1911 - 1991
Buried in Alkiškiai cemetery,
Akmenė district, Lithuania
56, 26 51 29 (š. pl.)
22, 85 08 03 (r. ilg.)
Andrejus Kalendra was born in Lithuania in 1884. He spent his youth in Riga, Latvia, where he received his education and was exposed to Leo Tolstoy’s ideals – to which he adhered until his last day. Upon his return to Lithuania, Andrejus and his wife Monika settled in an isolated farm in the vicinity of the town of Papilė, northwest of Šiauliai. Andrejus led an ascetic life, did not eat meat and never shaved his beard; because of his beard he was sometimes mistaken for a Jew. On the eve of the war the Kalendras had five daughters, aged 9 to 22.
Among Andrejus’s good acquaintance was Isaak Gordimer, a hardware store owner from Papilė, with whom Andrejus liked to talk whenever he would come to town. At the end of the 1930’s, Gordimer moved to Šiauliai and the two lost touch for some time.
With the beginning of the German occupation, Isaak Gordimer, his wife Sonia and their sons Sholom and Jona found themselves in the Šiaulai ghetto. In the summer of 1943 Isaak succeeded in contacting Andrejus, and together they worked out an escape plan. The escape was carried out right after the so-called “Children Action” that took place on November 5, 1943. Upon Andrejus’s request, his friend Antanas Plekavičius came to the pre-determined location outside the ghetto and waited for the Gordimers. After three days his patience was rewarded: Sonia Gordimer brought her six-year-old son Sholom. Antanas hid the boy inside his cart and headed out of the heavily guarded city to the Kalendras’ farm. After a few days he went back and picked up the rest. Isaak, Sonia and three-year-old Jona spent several very stressful hours lying on the bottom of the cart, covered by planks and rags, until they reached Marijona and Steponas Garbačiauskas’ farm. The hosts and their five children, Andrejus’s distant relatives, were ready to risk their lives for the sake of the Jewish family.
After three weeks the Jewish refugees moved to Klara and Augustas Vaškys, a young couple living in the village of Viliočiai, Akmenė County. Zelma Vaškytė, Augustas’s sister, lived nearby. She offered to take Jona under her care: her little house was somewhat distant from the other houses in the village and she received no visitors, so the child had no need to hide. As a precaution Zelma nevertheless came up with a story about Jona’s Latvian background and gave him another name. Isaak and Sonia Gordimer stayed with Klara and Augustas. They could not move around freely but still used every occasion to help their benefactors who had to care for their newborn.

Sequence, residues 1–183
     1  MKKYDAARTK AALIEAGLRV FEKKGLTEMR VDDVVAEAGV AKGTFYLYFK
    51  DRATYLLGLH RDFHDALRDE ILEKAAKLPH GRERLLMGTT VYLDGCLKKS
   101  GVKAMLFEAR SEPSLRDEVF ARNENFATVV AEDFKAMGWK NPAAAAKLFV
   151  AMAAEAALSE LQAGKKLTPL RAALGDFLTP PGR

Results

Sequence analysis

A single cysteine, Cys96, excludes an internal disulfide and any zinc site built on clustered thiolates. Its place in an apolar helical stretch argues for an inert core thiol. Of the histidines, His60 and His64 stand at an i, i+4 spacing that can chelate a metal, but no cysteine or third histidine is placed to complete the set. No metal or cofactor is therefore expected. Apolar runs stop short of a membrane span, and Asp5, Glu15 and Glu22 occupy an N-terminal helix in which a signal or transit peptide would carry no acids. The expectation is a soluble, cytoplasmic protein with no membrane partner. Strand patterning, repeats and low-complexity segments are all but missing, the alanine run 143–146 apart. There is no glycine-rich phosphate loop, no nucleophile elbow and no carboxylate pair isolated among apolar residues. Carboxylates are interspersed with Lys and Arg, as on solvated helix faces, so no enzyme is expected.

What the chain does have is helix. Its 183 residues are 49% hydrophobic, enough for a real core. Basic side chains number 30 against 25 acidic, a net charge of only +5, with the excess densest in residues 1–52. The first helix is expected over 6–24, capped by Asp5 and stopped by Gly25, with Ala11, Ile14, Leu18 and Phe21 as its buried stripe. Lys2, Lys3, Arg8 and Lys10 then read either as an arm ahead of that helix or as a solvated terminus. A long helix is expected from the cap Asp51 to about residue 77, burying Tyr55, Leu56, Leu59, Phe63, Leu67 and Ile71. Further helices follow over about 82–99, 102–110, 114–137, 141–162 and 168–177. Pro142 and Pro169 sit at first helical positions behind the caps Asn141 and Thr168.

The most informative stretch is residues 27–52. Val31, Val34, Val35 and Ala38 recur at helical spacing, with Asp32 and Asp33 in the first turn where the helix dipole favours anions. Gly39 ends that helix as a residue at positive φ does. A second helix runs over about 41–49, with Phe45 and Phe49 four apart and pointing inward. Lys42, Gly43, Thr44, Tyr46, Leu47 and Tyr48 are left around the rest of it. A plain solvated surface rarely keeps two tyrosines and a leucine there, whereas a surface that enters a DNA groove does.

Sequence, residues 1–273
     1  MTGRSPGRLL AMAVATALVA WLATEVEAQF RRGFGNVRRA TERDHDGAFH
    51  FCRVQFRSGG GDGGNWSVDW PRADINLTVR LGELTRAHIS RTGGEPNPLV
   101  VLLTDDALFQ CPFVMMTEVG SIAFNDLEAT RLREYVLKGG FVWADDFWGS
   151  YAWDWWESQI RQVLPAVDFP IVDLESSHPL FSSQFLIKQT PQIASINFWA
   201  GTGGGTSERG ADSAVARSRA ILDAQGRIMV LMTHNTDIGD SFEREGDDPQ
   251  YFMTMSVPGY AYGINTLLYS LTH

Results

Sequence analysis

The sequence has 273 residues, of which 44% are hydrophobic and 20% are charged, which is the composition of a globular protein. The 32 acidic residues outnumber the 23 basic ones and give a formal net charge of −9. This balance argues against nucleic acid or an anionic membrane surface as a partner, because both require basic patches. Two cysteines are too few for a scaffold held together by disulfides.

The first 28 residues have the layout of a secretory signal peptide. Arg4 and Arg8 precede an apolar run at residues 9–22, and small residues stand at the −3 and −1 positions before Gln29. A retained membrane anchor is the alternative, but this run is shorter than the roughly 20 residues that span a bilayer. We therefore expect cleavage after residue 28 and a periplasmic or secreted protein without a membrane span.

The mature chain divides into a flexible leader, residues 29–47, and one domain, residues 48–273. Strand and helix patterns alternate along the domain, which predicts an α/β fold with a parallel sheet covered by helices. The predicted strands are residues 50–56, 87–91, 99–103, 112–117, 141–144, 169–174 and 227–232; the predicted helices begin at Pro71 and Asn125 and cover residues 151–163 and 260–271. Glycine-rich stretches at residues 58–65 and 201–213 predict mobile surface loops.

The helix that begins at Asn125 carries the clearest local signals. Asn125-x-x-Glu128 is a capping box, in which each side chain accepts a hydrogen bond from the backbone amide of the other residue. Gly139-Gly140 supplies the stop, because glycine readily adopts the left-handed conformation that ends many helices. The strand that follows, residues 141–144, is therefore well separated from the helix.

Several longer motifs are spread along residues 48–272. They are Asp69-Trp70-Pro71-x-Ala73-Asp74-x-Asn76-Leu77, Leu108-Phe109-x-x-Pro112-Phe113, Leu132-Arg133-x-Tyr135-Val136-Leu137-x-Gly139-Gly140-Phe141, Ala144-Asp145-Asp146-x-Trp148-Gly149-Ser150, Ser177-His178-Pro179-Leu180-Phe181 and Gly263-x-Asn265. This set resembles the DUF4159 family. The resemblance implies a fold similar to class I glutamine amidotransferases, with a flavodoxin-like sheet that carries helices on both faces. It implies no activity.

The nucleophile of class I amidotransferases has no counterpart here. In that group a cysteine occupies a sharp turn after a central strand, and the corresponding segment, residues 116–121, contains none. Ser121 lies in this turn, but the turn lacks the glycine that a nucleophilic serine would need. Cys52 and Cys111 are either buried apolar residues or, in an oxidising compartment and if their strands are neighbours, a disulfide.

At the beginning of 1944 Isaak and Sonia moved to the village of Sakyna where they were welcomed by another Lithuanian family, Joana and Antanas Plekavičius. Andrejus Kalendra coordinated their relocation. At the same time his own family was hiding not only Sholom Gordimer, but also Etta Trusfus (Kolodnaya), a teacher from Šiauliai, and her young nephew. Missing their children, the Gordimers attempted one time to take little Jona from Zelma, but the boy refused to leave his “new mother”. The Gordimers returned to the Plekavičiuses alone, taking comfort in knowing that Jona was apparently happy at Zelma’s.
In October 1944 the area was liberated from the Nazis by the Soviet troops. Less than a year later the survivors left their rescuers and started their journey to the West. In 1947 they settled in the United States.
The fate of Klara and Augustas Vaškys after the war was tragic: they were shot down by Russian soldiers on the doorstep of their own house, as punishment for Augustas’ refusal to enlist in the army. Their one-year-old son Valdys was taken out of the house in his pram and the house was burned down. Zelma took Valdys and raised him until she herself was arrested and spent 10 years in Siberian settlements. That same year Andrejus Kalendra was arrested – his life style and his refusal to join a kolkhoz took their toll. Andrejus died in exile a year later; his wife and daughters were able to return to Lithuania only in 1962. Monika passed away shortly afterwards. After the Kalendras’ arrest, the Garbačiauskases left their house and went into hiding for some time for fear of exile. The Plekavičiuses managed to avoid being deported.
In the mid 1990s George (Jona) Gordimer, by then the only living member of the rescued family, re-established contacts with his rescuers and their families, and went back to visit the places of his war-time childhood.
More information will be available soon
George (Jona) Gordimer
Seymour (Šolomas) Gordimer
GORDIMER FAMILY. USA, AFTER WAR
INFORMATION COLLECTED FROM: